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Hill Cumorah, Where Mormonism Began  (Palmyra, New York)

(Reprint from News: August 10, 2001)

August 9, 2001


I spent almost two weeks (12 days, in fact) getting caught up on things at Don and Debbie's house in Syracuse, then hopped in my truck and continued heading west.  If nothing else, I hoped to find some cooler weather.  During the two weeks that I stayed in Syracuse, the daily high temperature hovered consistently between 91 and 102 degrees, and it was as sticky as my grandmother's cinnamon buns.  In fact, after my experience in soupy Tennessee I was starting to refer to Syracuse as "Chattanooga North."


Here's Buster Poindexter singing Hot, Hot, Hot.

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My first stop after leaving steamy Syracuse was in steamy Lyons, New York, a small town in the rolling hills south of Rochester.  Lyons is one of the oldest towns in upstate New York and, as I had learned a few months earlier, was where my great-great-great-grandfather Solomon Myers was born during the late 1700s, which was exactly why I was there.


If you've been following my website, you know that I spent some time during July in the Southeast retracing the steps of my great-great-grandfather Ransom Myers, who fought with the Union Army in the Civil War and lost his arm in 1863 (see Ransom Myers).  Solomon was Ransom's father and fought in the War of 1812.  Just after the war, at age 20, Solomon married a 13-year-old girl (not uncommon back then), farmed in Lyons for 16 years, then in 1830, moved the whole family west to Michigan, which was where I was heading later that day.  I'd never been to Lyons, so I wanted to spend some time there digging up information on Solomon, which I did, thanks to a local historian named Deborah.


As I left Lyons and continued my westerly drive across simmering upstate New York, I thought about how difficult Solomon's journey to Michigan must have been, especially compared to how easy my trip was.  I suppose that's one reason why families didn't move around too much back in those days.  That and no Happy Meals.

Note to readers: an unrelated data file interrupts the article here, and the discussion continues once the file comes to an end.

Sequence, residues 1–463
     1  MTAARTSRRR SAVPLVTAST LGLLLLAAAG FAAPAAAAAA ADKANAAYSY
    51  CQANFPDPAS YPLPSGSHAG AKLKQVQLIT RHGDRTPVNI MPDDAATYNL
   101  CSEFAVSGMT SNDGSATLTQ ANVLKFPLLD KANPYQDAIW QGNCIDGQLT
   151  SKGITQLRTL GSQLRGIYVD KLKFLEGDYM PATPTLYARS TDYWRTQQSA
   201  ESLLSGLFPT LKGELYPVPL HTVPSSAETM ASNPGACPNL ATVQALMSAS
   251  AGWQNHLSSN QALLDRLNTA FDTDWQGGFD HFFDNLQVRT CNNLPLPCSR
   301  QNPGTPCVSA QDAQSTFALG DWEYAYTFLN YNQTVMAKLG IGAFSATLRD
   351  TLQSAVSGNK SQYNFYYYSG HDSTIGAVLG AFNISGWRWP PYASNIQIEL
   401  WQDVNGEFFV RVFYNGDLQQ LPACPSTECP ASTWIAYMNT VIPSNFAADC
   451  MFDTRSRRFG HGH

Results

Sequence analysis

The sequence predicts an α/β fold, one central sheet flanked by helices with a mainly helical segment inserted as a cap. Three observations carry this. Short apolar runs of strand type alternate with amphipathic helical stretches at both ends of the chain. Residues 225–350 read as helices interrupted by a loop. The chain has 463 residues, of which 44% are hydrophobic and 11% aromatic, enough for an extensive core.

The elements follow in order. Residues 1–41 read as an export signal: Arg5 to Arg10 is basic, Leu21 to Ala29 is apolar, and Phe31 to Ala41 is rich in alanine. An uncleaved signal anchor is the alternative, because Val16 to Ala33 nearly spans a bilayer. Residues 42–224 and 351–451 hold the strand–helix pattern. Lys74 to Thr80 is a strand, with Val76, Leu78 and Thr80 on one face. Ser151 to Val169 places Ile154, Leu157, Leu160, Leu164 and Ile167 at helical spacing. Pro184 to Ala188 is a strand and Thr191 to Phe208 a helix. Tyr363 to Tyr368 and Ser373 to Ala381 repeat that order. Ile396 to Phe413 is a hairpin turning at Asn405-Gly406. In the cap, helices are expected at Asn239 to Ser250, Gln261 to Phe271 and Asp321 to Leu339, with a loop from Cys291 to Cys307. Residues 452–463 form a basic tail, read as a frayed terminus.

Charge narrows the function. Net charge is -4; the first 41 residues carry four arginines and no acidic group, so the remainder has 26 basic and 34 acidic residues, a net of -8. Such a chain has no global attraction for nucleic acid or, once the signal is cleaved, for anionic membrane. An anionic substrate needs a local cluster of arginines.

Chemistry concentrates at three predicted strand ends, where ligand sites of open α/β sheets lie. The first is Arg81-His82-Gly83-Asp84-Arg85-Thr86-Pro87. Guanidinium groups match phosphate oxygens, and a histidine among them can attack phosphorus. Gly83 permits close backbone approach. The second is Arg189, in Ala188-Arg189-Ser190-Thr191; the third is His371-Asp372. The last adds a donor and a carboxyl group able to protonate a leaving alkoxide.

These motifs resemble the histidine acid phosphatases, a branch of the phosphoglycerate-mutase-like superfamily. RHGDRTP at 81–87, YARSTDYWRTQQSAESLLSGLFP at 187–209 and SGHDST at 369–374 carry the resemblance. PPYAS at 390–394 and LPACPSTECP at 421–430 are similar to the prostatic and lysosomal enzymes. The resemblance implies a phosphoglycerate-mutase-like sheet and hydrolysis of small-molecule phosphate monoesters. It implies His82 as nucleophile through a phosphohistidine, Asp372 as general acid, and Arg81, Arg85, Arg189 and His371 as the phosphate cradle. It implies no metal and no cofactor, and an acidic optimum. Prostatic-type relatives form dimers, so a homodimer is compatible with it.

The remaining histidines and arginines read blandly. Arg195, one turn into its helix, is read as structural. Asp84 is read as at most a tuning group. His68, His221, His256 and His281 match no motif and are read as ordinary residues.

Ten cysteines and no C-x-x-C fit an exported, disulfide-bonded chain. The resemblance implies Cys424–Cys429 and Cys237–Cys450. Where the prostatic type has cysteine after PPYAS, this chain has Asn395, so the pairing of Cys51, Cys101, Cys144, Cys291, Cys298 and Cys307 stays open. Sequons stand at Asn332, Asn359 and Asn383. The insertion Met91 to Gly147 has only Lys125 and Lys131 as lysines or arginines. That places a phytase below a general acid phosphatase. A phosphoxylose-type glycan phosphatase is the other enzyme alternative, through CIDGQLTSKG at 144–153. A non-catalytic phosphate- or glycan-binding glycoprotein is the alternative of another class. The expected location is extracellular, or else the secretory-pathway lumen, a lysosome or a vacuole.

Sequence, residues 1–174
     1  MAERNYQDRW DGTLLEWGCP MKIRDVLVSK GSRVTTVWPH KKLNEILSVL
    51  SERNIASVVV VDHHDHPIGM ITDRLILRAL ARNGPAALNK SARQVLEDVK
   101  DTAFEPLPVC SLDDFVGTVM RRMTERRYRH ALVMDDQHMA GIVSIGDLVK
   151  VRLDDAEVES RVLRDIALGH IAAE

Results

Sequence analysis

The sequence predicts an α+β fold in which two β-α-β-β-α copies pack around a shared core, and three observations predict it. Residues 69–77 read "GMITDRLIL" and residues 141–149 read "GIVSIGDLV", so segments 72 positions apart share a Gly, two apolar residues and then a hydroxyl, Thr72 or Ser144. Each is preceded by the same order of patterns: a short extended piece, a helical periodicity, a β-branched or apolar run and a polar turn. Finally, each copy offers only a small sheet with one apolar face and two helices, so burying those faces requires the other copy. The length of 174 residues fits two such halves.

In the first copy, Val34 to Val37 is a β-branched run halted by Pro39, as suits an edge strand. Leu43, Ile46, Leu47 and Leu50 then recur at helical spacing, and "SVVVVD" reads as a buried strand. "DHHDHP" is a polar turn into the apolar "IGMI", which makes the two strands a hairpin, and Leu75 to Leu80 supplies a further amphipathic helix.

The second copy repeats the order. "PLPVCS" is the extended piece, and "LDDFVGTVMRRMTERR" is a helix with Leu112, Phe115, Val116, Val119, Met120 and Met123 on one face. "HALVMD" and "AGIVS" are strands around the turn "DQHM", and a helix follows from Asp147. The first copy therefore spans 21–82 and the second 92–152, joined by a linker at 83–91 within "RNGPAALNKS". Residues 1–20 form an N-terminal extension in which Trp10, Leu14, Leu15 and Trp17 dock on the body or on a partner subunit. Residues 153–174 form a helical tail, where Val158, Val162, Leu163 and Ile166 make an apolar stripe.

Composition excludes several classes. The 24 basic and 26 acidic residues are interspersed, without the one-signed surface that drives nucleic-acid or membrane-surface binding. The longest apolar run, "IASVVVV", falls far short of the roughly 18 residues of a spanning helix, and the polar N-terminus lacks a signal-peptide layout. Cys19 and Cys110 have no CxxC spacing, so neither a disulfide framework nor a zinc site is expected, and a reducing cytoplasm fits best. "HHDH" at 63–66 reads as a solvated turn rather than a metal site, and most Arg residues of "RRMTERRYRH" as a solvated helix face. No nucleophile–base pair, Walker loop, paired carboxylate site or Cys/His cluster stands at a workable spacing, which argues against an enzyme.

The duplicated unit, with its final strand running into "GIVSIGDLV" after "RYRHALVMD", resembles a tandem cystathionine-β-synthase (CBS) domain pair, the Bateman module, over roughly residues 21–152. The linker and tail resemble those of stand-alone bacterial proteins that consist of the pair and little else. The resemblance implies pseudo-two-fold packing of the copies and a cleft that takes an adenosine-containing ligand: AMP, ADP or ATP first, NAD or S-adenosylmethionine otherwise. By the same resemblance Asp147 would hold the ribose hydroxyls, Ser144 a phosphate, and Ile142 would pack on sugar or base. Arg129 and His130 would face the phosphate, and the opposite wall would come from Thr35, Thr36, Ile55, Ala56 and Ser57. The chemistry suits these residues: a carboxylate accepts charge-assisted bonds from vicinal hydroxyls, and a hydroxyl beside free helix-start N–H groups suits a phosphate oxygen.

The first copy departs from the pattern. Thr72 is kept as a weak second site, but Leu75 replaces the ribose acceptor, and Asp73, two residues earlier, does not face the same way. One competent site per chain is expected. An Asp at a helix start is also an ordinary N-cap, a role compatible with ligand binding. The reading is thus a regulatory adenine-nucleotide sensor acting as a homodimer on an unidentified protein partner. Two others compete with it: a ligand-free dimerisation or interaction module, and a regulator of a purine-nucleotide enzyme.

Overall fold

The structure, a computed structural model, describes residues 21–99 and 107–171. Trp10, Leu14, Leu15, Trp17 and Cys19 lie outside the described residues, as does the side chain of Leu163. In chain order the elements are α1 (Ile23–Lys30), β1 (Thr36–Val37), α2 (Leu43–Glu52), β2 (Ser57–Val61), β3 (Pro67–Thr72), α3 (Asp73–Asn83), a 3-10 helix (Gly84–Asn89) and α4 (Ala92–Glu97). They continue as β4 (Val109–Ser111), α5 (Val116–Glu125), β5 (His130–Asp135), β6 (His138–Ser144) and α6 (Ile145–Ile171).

An hour later, as the thermometer topped 100 degrees, I stopped in Palmyra, New York, which was the home of Mormon founder, Joseph Smith, back in the early 1800s.  I was expecting to see throngs of visitors at this historic site, but the empty parking lot here made it clear that the Mormons are as unpopular in New York now as when Smith and his polygamist band were kicked out back in 1830.  Ironically, that was the same year that Solomon Myers and his family left this area for Michigan, but to my knowledge, there aren't any polygamists in my family.  Nope... just old guys who marry 13-year-old girls.



Above left:  My first stop after leaving Syracuse was here in Lyons, New York, about an hour away.  This is the original Erie Canal, finished in 1825.  The Erie Canal extended across upstate New York, linking the Great Lakes with the Hudson River and New York City.  It made traveling and shipping between the Midwest and the East Coast much easier.  Not surprisingly, New York City's population exploded after the canal was completed.

Above center:  My great-great-great-grandfather, Solomon Myers, was born in Lyons in the 1790s.  In fact, his family was among the first settlers of upstate New York (think "Last of the Mohicans" and you'll get the idea).  I stopped in the Lyons Courthouse and discovered some old records about Solomon.  Many thanks to Deborah, the local historian.

Above right:  Hot, Hot, Hot.  The two weeks I spent in upstate New York were pretty sweltering.  It's 101 degrees here... and rising.  Driving through here without air-conditioning, like I did, isn't something I'd recommend.



Above left:  That afternoon, I stopped at a place called Hill Cumorah in Palmyra, New York.  According to the Mormons, this is were Mormon founder Joseph Smith received the Golden Tablets from the Angel Moroni, the son of the Prophet Mormon.  Smith later translated the Golden Tablets into the Book of Mormon.  However, when Smith started practicing polygamy, locals gave him the boot.

Above center:  Apparently, Mormonism still isn't very popular in upstate New York.  I was expecting to see a lot of people at this historic site, but not so. 

Above right:  Finally, some other folks showed up... and probably Mormon, judging from the size of the family.  This is supposedly where Joseph Smith received the Golden Tablets.  Frankly, I was starting to look for the Golden Arches.  For more of my opinions on Mormonism and to find out if they still practice polygamy, see my page on The Mormons.



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